Mylan – the maker of the life-saving epinephrine shot EpiPen – is having a tough go of it.
What started as a controversy over the price of the pens – a massive hike of 500 percent which made them unaffordable for many – has only gotten worse in terms of public opinion.
In August, Mylan settled with the U.S. government to the tune of $465 million, stemming from allegations that the company overcharged Medicaid an estimated $1.3 billion for its products.
Well, the fun’s not over.
Now the FDA has fired off a warning letter to Meridian Medical Technologies, a division of Pfizer that manufactures the EpiPen for Mylan. The letter says Meridian has failed to investigate numerous complaints that EpiPens were failing during emergencies, some incidents of which resulted in death.
Meridian’s facility was inspected several times earlier this year, and the letter refers to “significant” violations related to manufacturing operations.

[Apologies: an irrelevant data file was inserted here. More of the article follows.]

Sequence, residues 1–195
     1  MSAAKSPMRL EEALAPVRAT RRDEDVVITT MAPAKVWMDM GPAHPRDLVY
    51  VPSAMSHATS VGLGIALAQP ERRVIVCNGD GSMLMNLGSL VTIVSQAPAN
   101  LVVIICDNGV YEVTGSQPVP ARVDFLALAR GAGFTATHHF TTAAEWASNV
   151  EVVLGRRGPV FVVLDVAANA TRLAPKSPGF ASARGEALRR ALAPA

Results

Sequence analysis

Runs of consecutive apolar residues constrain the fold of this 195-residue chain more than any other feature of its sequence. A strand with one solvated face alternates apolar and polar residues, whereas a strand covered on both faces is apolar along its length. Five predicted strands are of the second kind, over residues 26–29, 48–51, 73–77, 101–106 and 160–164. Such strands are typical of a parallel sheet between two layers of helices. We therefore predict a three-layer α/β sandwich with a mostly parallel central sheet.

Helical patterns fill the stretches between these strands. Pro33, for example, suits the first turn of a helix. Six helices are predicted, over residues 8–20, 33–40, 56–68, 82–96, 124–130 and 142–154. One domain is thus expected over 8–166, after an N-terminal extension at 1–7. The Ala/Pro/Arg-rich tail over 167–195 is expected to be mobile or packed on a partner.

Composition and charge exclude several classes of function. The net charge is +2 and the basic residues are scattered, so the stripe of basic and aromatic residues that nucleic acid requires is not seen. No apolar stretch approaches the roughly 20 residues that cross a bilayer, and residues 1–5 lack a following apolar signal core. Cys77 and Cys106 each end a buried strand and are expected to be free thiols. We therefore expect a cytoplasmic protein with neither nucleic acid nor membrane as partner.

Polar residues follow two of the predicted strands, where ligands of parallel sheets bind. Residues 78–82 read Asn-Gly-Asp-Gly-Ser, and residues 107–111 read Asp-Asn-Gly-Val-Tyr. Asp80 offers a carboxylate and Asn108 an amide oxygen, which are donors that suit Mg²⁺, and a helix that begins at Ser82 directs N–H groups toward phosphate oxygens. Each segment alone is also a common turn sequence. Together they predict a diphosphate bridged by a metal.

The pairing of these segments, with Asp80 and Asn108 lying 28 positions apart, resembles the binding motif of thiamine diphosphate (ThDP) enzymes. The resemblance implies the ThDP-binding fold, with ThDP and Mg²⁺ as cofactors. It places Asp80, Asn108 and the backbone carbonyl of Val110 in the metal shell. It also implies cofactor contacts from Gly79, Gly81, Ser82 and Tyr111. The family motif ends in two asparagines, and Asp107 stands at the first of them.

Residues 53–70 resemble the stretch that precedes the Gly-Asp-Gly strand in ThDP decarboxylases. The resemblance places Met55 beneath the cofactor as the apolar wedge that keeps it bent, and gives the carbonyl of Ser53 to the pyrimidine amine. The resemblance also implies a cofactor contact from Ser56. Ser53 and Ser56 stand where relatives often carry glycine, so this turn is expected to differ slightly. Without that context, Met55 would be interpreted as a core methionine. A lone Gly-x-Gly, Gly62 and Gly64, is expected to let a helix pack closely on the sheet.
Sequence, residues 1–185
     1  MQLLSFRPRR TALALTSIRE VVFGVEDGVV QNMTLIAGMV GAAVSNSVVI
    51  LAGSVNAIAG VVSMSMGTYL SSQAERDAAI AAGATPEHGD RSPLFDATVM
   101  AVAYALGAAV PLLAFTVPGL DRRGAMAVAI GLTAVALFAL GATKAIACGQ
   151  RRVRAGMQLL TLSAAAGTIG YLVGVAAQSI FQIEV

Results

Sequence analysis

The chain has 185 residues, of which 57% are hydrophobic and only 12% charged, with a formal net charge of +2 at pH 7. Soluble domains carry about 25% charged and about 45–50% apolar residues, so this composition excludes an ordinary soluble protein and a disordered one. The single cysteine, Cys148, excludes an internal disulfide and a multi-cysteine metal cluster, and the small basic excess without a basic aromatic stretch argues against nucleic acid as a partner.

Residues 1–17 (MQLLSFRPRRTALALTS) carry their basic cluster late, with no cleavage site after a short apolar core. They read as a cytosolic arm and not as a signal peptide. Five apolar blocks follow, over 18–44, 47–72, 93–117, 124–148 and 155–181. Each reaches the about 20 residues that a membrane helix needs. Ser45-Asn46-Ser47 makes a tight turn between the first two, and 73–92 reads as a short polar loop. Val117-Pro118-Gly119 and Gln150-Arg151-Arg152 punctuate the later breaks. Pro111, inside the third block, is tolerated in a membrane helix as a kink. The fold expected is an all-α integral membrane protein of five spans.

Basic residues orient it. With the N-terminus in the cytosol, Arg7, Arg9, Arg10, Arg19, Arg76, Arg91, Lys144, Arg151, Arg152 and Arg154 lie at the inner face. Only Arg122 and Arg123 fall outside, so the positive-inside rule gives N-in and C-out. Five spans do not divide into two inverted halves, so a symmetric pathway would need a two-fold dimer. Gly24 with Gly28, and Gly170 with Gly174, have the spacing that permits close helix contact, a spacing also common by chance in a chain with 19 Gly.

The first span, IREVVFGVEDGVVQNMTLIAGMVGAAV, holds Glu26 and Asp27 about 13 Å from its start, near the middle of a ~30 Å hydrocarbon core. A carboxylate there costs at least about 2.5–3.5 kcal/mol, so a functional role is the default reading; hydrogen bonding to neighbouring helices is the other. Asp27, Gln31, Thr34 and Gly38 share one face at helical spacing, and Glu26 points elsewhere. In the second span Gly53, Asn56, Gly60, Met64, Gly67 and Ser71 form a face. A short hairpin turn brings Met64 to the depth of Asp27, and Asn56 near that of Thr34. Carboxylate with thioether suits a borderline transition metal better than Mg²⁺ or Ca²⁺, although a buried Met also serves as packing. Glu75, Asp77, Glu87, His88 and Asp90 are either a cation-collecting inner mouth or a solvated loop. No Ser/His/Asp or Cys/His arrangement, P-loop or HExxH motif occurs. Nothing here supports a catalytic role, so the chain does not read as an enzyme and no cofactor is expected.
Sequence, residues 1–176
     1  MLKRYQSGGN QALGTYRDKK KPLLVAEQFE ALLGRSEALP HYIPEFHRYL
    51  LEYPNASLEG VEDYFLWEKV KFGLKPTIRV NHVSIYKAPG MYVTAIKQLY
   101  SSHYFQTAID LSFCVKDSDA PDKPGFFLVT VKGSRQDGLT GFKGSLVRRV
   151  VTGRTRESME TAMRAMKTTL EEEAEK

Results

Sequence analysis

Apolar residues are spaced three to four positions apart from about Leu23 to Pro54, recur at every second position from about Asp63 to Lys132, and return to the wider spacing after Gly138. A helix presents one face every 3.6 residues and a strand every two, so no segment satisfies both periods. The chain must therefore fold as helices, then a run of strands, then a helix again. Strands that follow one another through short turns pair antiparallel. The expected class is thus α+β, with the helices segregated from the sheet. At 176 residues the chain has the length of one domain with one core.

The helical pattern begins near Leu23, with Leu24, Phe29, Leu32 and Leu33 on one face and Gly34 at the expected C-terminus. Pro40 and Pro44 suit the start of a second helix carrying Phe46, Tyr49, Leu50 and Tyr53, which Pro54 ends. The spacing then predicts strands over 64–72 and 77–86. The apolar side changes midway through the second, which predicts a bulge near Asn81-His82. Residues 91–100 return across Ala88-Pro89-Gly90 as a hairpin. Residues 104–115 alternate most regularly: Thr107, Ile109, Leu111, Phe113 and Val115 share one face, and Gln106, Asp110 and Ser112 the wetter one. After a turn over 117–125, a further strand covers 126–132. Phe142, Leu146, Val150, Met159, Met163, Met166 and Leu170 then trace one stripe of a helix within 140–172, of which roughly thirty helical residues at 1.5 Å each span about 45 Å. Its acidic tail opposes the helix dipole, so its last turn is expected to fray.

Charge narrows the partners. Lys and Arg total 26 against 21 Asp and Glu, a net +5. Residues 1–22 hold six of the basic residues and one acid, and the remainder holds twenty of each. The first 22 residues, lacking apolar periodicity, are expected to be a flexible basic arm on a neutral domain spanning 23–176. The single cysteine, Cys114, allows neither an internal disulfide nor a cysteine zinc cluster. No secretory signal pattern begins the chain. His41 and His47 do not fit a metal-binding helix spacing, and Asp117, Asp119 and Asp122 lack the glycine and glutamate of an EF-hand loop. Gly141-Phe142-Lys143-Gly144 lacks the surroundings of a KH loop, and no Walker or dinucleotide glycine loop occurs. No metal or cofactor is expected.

Furthermore, the FDA said the company failed to investigate multiple failures of the pens. It charges that Meridian didn’t even disassemble the bulk of the 171 EpiPens that were submitted as having failed to activate in an emergency.
According to Reuters, “both Mylan and Pfizer said they are confident in the safety and efficacy of EpiPen products being produced at the site” and that Mylan doesn’t anticipate supply disruptions.
That said, the wording of the FDA letter – which accuses Meridian of failing to remove “potentially defective products from the marketplace” – certainly can’t help the brand image of EpiPen after its troubled run.